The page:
Furthermore, Lenin reasoned, because England, France and the U.S. had no serious competitors when they established capitalist systems, they were able to start with small firms and gradually proceed to ones which were large.  The U.S.S.R., on the other hand, was going to industrialize in a world already dominated by huge corporations which operated internationally. To compete in that world would require starting with firms of grand scale, and that would necessitate tapping the energies of everyone via the state; just as Japan and Germany had done before it for the same reason.  Ergo, Lenin concluded, for the present the U.S.S.R. must focus on becoming "state capitalist."  Responding to Russian anarchists who were demanding the Soviet Union begin to practice socialist equality immediately, in a speech given in June 1921, Lenin exhorted:

"The alternative (and this is the last ‘possible' and the only sensible policy) is not to try to prohibit or put the lock on the development of capitalism, but to try to direct it into the channels of 'state capitalism.' This is economically possible, for state capitalism---in one form or another, to some degree or other---exists wherever the elements of free trade and capitalism in general exist.  Can the Soviet state, the dictatorship of the proletariat, be combined, united with state capitalism?  Are they compatible?  Of course they are.  This is exactly what I argued in May 1918.  I hope I proved it in May 1918.  Nor is that all.  I then proved that state capitalism is a step forward compared with the small proprietor (both small-patriarchal and petty-bourgeois) element.  Those who juxtapose or compare state capitalism only with socialism commit a host of mistakes, for in the present political and economic circumstances it is essential to compare state capitalism with petty-bourgeois production."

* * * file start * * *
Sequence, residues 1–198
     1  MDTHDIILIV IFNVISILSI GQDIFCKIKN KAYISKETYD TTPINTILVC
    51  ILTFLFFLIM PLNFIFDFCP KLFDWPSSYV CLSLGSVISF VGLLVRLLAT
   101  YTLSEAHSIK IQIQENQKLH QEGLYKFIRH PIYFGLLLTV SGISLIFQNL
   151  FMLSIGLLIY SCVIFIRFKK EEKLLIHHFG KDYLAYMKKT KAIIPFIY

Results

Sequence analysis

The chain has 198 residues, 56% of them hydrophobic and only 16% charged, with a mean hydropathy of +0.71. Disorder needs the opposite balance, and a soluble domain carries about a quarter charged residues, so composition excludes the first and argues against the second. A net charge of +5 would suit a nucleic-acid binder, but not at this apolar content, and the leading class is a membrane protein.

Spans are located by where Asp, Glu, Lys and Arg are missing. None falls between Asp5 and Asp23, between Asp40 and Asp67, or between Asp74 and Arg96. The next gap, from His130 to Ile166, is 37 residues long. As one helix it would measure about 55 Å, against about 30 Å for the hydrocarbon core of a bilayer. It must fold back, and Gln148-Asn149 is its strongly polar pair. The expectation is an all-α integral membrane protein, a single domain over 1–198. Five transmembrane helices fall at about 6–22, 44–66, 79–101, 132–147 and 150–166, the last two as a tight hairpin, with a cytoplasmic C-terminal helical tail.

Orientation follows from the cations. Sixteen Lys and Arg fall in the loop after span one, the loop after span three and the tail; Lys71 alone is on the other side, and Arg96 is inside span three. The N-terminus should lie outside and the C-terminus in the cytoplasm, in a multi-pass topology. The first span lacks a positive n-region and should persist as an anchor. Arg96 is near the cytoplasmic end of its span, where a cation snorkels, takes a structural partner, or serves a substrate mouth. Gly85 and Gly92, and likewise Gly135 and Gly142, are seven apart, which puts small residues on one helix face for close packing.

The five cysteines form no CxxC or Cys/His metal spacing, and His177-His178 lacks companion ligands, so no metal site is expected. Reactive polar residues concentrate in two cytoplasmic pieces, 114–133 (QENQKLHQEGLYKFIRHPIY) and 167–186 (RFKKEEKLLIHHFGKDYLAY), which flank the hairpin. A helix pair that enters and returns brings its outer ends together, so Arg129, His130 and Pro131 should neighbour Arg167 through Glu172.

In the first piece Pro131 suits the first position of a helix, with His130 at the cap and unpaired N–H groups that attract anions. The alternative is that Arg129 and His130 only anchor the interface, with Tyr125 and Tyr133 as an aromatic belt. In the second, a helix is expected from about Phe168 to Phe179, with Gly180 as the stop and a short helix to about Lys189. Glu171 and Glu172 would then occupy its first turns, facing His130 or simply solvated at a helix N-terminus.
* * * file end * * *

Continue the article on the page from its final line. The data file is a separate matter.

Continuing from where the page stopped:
Marx, of course, was very clear about what he meant by socialism and communism. Under socialism everyone would receive the same wage, enabling each working person to obtain an equal share of the nation's production of goods and services, his infamous: "From each according to his ability, to each according to his work."  Following the failure of the Paris Commune in 1871 Marx modified this prediction slightly. For a brief period he suggested, the highest paid in a socialist society might receive twice the income of the lowest.

In his "Critique of the Gotha Program" Marx conceded that even if everyone was paid the same wage under socialism, a modest degree of inequality would still exist. To quote him here,